Inhibitory Effects of Antipsychotics on Carbachol-Enhanced Insulin Secretion From Perifused Rat Islets

Role of Muscarinic Antagonism in Antipsychotic-Induced Diabetes and Hyperglycemia

  1. David E. Johnson1,
  2. Hanae Yamazaki2,
  3. Karen M. Ward1,
  4. Anne W. Schmidt1,
  5. Wesley S. Lebel3,
  6. Judith L. Treadway4,
  7. E. Michael Gibbs4,
  8. Walter S. Zawalich2 and
  9. Hans Rollema1
  1. 1Department of Neuroscience, Pfizer Global Research and Development, Groton, Connecticut
  2. 2Yale School of Nursing, Yale University, New Haven, Connecticut
  3. 3Department of General Pharmacology, Pfizer Global Research and Development, Groton, Connecticut
  4. 4Department of Cardiovascular and Metabolic Diseases, Pfizer Global Research and Development, Groton, Connecticut
  1. Address correspondence and reprint requests to Hans Rollema, Pfizer Global Research and Development, Department of Neuroscience, Groton Laboratories, MS 8220-4159, Eastern Point Road, Groton, CT 06340. E-mail: hans_rollema{at}


Treatment with the atypical antipsychotics olanzapine and clozapine has been associated with an increased risk for deterioration of glucose homeostasis, leading to hyperglycemia, ketoacidosis, and diabetes, in some cases independent of weight gain. Because these events may be a consequence of their ability to directly alter insulin secretion from pancreatic β-cells, we determined the effects of several antipsychotics on cholinergic- and glucose-stimulated insulin secretion from isolated rat islets. At concentrations encompassing therapeutically relevant levels, olanzapine and clozapine reduced insulin secretion stimulated by 10 μmol/l carbachol plus 7 mmol/l glucose. This inhibition of insulin secretion was paralleled by significant reductions in carbachol-potentiated inositol phosphate accumulation. In contrast, risperidone or ziprasidone had no adverse effect on cholinergic-induced insulin secretion or inositol phosphate accumulation. None of the compounds tested impaired the islet secretory responses to 8 mmol/l glucose alone. Finally, in vitro binding and functional data show that olanzapine and clozapine (unlike risperidone, ziprasidone, and haloperidol) are potent muscarinic M3 antagonists. These findings demonstrate that low concentrations of olanzapine and clozapine can markedly and selectively impair cholinergic-stimulated insulin secretion by blocking muscarinic M3 receptors, which could be one of the contributing factors to their higher risk for producing hyperglycemia and diabetes in humans.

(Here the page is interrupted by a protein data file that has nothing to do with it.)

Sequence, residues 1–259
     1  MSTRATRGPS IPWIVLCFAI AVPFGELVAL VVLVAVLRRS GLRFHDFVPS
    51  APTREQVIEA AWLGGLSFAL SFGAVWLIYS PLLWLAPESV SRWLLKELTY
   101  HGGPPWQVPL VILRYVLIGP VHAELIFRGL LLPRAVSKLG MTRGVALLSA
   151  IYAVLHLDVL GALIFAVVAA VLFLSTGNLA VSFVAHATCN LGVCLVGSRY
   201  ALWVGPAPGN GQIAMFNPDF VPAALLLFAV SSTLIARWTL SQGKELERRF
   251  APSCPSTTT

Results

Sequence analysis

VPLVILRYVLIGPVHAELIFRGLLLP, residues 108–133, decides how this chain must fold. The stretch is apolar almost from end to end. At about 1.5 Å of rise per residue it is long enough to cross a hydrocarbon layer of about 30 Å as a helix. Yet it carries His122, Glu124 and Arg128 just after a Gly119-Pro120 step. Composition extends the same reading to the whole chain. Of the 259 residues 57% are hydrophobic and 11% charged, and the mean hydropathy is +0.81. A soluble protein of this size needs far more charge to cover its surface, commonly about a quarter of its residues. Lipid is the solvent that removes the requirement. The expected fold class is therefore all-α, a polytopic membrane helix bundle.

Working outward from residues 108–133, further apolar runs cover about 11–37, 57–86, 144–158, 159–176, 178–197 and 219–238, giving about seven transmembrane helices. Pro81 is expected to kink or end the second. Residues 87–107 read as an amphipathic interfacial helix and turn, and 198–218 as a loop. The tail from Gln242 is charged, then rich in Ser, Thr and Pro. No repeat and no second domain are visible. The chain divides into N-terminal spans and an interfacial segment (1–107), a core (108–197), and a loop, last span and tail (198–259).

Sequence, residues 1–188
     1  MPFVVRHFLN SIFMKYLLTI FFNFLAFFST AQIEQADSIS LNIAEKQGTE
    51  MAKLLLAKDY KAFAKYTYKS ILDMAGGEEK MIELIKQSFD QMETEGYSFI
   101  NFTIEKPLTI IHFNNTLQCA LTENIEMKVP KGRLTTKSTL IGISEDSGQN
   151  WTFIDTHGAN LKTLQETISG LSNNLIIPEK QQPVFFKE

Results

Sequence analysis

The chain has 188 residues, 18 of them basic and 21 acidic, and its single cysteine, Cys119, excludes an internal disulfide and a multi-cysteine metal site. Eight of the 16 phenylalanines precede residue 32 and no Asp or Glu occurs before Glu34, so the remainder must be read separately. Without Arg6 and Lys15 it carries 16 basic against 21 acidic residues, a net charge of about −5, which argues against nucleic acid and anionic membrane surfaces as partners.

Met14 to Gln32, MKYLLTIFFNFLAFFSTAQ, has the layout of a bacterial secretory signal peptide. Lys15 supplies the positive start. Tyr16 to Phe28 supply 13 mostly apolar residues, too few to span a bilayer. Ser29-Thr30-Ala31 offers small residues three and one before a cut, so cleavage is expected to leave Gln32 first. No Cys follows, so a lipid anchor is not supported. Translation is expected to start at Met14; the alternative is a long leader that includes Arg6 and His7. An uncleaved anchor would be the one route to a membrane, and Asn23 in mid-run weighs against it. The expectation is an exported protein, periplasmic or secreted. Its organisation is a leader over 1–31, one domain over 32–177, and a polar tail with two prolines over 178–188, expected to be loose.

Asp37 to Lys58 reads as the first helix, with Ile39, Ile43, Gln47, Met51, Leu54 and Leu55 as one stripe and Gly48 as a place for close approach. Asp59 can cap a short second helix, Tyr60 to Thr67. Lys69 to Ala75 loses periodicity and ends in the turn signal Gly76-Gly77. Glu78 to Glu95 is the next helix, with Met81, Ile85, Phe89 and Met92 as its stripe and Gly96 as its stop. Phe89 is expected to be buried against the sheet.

Recent reviews of clinical databases have revealed that olanzapine and clozapine carry a higher risk for producing hyperglycemia, ketoacidosis, and new-onset type 2 diabetes than other second-generation antipsychotics (SGAs) or haloperidol, a first-generation antipsychotic (16). The use of olanzapine and clozapine is often associated with notable weight gain and dyslipidemia, which are known risk factors in the development of diabetes. However, several reports have described cases of hyperglycemia following olanzapine and clozapine treatment that were not associated with weight gain (7,8). Furthermore, cases exist where switching to other SGAs, such as ziprasidone or risperidone, resulted in the reversal of olanzapine- or clozapine-associated hyperglycemia, suggesting that fundamental differences exist among the SGAs (911).